First assembly district, towns of Belgium, Fredonia, Saukville, and Port Washington.
Second assembly district, towns of Cedarburg, Grafton and Mequon.
Third assembly district, towns of Erin, Richfield, Polk, Jackson, and Germantown.
Fourth assembly district, Hartford, Addison, Wayne, Kewaskum, Newark, West Bend, Trenton and Farmington.
The principal streams are the Milwaukee River and Oconomowoc creek. Population in 1838, 64; 1840, 343; 1842, 965; 1846, 7,473; 1847, 15,447; 1850, 19,476. There are 1,636 farms, 381 buildings, and 7 manufactories.

Washington, Town, in county of Green, being town 3 N., of range 7; centrally located, 8 miles north from Monroe. Population in 1850 was 317. It has 4 school districts.

Washwagowing, Lake, see Flambeau Lake.

Wassawa, Lake, see Yellow Lake.

Wassawa, River, see Yellow River.

Waterford, P. V., on section 35, in town of Rochester, Racine county; 23 miles northwest from city of Racine, and 80 miles southeast from Madison. It is situated on Fox River (Pishtaka) 25 miles southwest from Milwaukee, and has a fine hydraulic power. Population 500, with 100 dwellings, 4 stores, 2 hotels, 2 flouring mills, 3 saw mills, several mechanical shops, and a woolen factory; with 4 denominations, Baptist, Methodist, Presbyterian and Catholic, the latter having a good church edifice.

Waterloo, Town, in county of Jefferson, being town 8 N., of range 13 E.; centrally located, 12 miles northwest from Jefferson. Population in 1850 was 831. It has 6 school districts.

Waterloo, Town, in county of Grant, being fractional town 2 and 3 N., of range 4 W.; centrally located, 12 miles southwest from Lancaster. It has 2 school districts.

Waterloo, P. V., on section 8, in town of same name, Jefferson County, being the most northwest town in said county. It is 16 miles northwest from Jefferson, and 25 miles east from Madison. The location is on a creek of the same name, with a good hydraulic power sufficient for three mills now in operation. Population 200, with 60 dwellings, 4 stores, 2 hotels, 1 church, 1 pump and 1 fanning mill manufactory, 1 cabinet, 2 wagon, 1 plough and 3 blacksmith shops.

Waterloo, Creek, rises in Bristol, Dane county, runs southeast into Jefferson County, thence northeast, emptying into Crawfish River in Portland, Dodge County.

Watertown, City, is situated on both sides of Rock River, at the line between Dodge and Jefferson County, on the old stage route, half way (40 miles) between Madison and Milwaukee, and 12 miles north of Jefferson. It is connected with Milwaukee by a plank road, and is a point in the charters of several rail roads. The location of Watertown, in the heart of an excellent farming country, its good hydraulic power, access to market, and the energy and spirit of its inhabitants, cannot fail to have it continue, as it now is, one of the largest and most important inland towns in the State. The following are some of the statistics of the place taken in May, 1853: Watertown now contains 4,000 inhabitants; with 6 dry good,. 11 grocery, 2 drug, and 3 hardware stores, 15 taverns, 1 tobacconist, 2 bakeries, 3 meat markets, and 2 livery stables, 7 blacksmith, 6 wagon, 2 joiner, 2 jewelry, 4 tin, 6 cabinet, 1 chair, 1 machine, and 5 shoe shops; 1 fork and hoe, 1 plough, 1 door and sash, and 1 saleratus factory; 3 flouring and 4 saw mills; 1 fanning mill and 2 harness maker's shops; 2 book stores, 2 barber's 6hops, 1 gunsmith, 1 tannery, 1 furnace, 1 pottery, 1 oil mil, 1 carding machine, 1 rake and cradle, factory, 1 woolen and yarn factory, 2 printing offices, 6 school houses, 2 select schools, Jones's Exchange bank, and several lawyer's offices.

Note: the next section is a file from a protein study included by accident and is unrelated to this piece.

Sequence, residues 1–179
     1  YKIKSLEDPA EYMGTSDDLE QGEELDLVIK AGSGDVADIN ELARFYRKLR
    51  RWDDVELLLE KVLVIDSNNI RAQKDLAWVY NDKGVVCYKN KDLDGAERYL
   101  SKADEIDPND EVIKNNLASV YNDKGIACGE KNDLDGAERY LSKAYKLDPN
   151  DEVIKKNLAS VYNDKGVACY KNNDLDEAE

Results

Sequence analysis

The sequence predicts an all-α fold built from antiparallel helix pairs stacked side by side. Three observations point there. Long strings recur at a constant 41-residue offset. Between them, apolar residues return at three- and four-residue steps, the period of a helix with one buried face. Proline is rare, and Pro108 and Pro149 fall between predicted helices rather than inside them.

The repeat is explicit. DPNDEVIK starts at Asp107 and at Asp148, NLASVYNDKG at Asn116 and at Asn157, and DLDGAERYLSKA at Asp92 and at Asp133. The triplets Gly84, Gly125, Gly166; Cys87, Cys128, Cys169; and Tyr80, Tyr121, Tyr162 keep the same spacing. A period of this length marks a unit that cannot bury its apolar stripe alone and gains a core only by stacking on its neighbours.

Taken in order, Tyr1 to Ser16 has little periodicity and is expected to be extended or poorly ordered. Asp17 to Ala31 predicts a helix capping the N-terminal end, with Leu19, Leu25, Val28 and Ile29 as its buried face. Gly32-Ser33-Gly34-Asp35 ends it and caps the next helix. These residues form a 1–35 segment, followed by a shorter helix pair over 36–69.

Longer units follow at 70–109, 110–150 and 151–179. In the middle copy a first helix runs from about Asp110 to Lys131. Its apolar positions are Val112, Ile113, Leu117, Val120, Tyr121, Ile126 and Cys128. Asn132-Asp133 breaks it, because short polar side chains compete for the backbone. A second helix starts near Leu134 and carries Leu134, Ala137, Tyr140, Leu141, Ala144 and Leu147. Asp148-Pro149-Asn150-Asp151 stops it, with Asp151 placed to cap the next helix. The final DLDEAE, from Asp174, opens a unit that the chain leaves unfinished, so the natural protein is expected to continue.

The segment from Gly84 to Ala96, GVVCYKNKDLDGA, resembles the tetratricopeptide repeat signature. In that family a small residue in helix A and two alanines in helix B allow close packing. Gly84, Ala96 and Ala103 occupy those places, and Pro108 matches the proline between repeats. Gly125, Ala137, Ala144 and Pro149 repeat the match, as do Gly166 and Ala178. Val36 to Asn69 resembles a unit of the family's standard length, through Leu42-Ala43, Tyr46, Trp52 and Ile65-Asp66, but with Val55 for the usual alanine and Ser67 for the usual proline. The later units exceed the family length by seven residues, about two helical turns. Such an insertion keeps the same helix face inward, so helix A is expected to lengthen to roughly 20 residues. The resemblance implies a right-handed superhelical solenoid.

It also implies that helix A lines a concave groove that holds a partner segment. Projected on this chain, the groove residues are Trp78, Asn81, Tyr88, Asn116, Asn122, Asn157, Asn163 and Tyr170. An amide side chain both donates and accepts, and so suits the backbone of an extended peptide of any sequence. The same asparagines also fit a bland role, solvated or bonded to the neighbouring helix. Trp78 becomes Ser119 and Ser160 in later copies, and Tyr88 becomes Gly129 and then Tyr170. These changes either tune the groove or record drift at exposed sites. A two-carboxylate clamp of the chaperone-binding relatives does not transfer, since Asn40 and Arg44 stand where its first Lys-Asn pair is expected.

Watertown, Town, in county of Jefferson, being town 8 N., of range 15 E.; centrally located, 11 miles north of Jefferson. Population in 1850, including village of same name, was 1850. It has 14 school districts.

Waterville, P. V., in east corner of Summit, Waukesha County.

Waukau, P. V., on section 36, in town of Rushford, Winnebago County, 12 miles southwest from Oshkosh, and about 60 miles northeast from Madison, 24 miles south of Neenah River, on the outlet of Kush Lake, with 30 feet fall of water, in a good and productive section of farming land. Population 500, with 150 dwellings, 7 stores, 3 hotels, 5 mills, and considerable water power unoccupied.

Waukesha, County, is bounded on the north by Dodge and Washington, on the east by Milwaukee, on the south by Walworth and Racine, on the west by Jefferson, and is 24 miles square. It was set off from Milwaukee and fully organized January 31, 1846. The eastern portion of the county is heavily timbered, while the western is divided between oak openings, prairie and marsh. The soil is good and well adapted to tillage and grazing. The county is distinguished for its numerous and beautiful lakes, there being probably more than 30 within its limits. It is watered by the Fox, (Pishtaka), Menomonee, Ashippin and Bark Rivers, and Oconomowoc, Scupernong, Poplar, White and Mukwonago creeks. Population in 1846 was 13,793; 1847, 15,866; 1850, 19,324. It has 2,561 dwellings, 1,743 farms, and 78 manufactories. The county of Waukesha is in the first congressional district and the second judicial circuit, and its legislative representation is as follows:
Ninth senate district, towns of Oconomowoc, Merton, Lisbon, Summit, Menomonee, Delafield, Pewaukee, and Brookfield.
Tenth senate district, towns of Ottawa, Genesee, Waukesha, New Berlin, Muskego, Vernon, Mukwonago and Eagle. The assembly districts are as follows:
1st. towns of Merton, Delafield, Summit and Oconomowoc.